At the company’s 15th birthday celebration last week, Google announced its largest algorithm update to date. As part of that announcement, the company revealed to search-industry professionals that the update has been live for a month.
What? How could a massive update—one that affects 90% of search queries worldwide—have escaped the notice of SEO geeks everywhere?
The answer is simple, but profound. Those of us who have been around the SEO industry for more than a decade think and monitor Google by using traditional thought processes and queries. But the world has changed. The way people search for information isn’t the same as it was fifteen years ago.
Google’s Matt Cutts foreshadows this algorithm change in a video released on July 8, 2013, in which he introduces an alternate way of thinking about context-based queries. The concept he reveals in this video suggests that Google is challenging the status quo as they research user expectations around voice search.
As Google focuses on its mission, “To organize the world’s information and make it universally accessible and useful,” the company continues to innovate in ways that make it easier and faster for consumers to connect with relevant information. The Hummingbird Update is just the latest in a multi-year series of updates, designed to ensure that Google supplies relevant, timely information in the fastest way possible.
This update feels a bit like the Google Instant update in 2010. Both were significant updates that affect user experience; however, the changes feel like a logical, natural progression in search engine user interface design.
In the near-term, Hummingbird will be most noticeable to SEO industry professionals who play with contextual search technology. We will start to search for information by defining a topic, and will then iterate deeper into search with pronouns instead of explicit searches with all necessary keywords.
For example, I did some experimenting with my Android device by performing the following list of search queries:
Q: Who is the president of the United States?
A: Barack Obama
Q: How tall is he?
A: Barack Obama is 6’1” tall
Q: Is he married?
A: Barack Obama’s spouse is Michelle Obama since 1992
Q: How old is she?
A: Michelle Obama is 49 years old
At this point I was pretty impressed. So, I decided to push Google’s version of Siri a little further and found Google Voice Search assembling queries for me:
Q: Do they have children?
A: Google Query: “how old is michelle obama children”
Q: Do they have pets?
A: Google Query: “do they have pets”
In both cases, the contextual thread was broken and the results started falling apart. I then proceeded to test a few other searches. Google was able to provide me information about the CEOs of some public-facing companies. I also found querying for details about movies works well.
Over the next year, we will surely see this technology’s effect on the way people search. As consumers learn that they can search more efficiently, and understand the power (and added safety) of voice search, it will become a commonly used tool, at least on Google devices.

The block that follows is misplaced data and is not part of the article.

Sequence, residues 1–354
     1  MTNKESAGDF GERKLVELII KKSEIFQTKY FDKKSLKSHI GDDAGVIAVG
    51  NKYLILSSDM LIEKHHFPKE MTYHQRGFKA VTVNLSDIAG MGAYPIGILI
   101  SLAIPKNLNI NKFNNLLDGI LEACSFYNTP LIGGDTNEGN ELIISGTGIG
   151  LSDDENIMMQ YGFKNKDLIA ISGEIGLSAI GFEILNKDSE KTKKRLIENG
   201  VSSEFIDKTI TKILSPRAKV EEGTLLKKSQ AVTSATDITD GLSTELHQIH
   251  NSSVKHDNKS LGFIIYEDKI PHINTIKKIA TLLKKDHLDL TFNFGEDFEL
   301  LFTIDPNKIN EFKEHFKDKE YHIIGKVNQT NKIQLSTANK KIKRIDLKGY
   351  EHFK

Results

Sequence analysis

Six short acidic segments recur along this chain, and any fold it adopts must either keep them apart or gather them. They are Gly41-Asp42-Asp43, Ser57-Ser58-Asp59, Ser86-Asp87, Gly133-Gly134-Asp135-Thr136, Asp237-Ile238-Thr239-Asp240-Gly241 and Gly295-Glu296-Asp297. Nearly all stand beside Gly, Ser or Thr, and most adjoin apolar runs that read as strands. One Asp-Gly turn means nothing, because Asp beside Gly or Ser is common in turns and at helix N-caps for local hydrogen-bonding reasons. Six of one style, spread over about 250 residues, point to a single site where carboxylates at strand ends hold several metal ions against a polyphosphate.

The more important thing to consider is the trajectory. The Hummingbird update gives us an interesting piece of technology that we can show off to friends and family. I’m sure that my wife and I will begin a new round of Android vs. iPhone battles in our home. However, as online marketing professionals, we need to start planning for where this technology will be a year or two from now. Websites with thorough, well-organized product information are going to win.
Today, Google doesn’t impress me when I ask, “What is the top-rated washing machine?” But in the next few years, as we see Hummingbird v2 and beyond, and as developers figure out how to build for this type of search, the following series of queries will be realistic.
Q: What is the top-rated washing machine for large families?
Q: How heavy is it?
Q: How do users rate its reliability?
Q: Is it quiet?
Q: Will it eat my socks?
Q: How much is it?
Q: Where can I buy it today?
Q: Do they use high-pressure sales techniques?
Take note of the type of data that will be required to properly answer these questions. Product reviews need to be available and evaluated with natural language processing to determine how large families feel about their washing machines. Next, manufacturer data is a reliable source for product weight. Then, to address reliability, it is probably best to consider all reviews for the product, but maybe even reviews for similar products from the same brand. After that, a combination of manufacturer data and interpreted user-generated content will help accurately answer the quietness question. Regarding socks being eaten, this question will most likely be a distraction that will result in a search query.
However, it will be important for search engines remember context from previous queries, unlike Google when I asked, “Do they have children?” while researching the Obamas. Then, for the cost and location queries, current geo-coordinates need to be compared with those found in local store pages, which hopefully contain accurate price and inventory information at a local level. Finally, local store reviews must be considered, so that consumers are directed to stores offering an amazing shopping experience.
The future of voice search will feel something like this within a couple years. Consumers will expect accurate answers to questions like these as they use Google Voice Search and Siri to guide their shopping, entertainment, and service provider decisions. To reap the benefits of this technology trend, it will be vital to provide extensive structured markup (schema.org code) and various types of user-generated content. Those who embrace this trend will be the winners as we enter the latter part of this decade.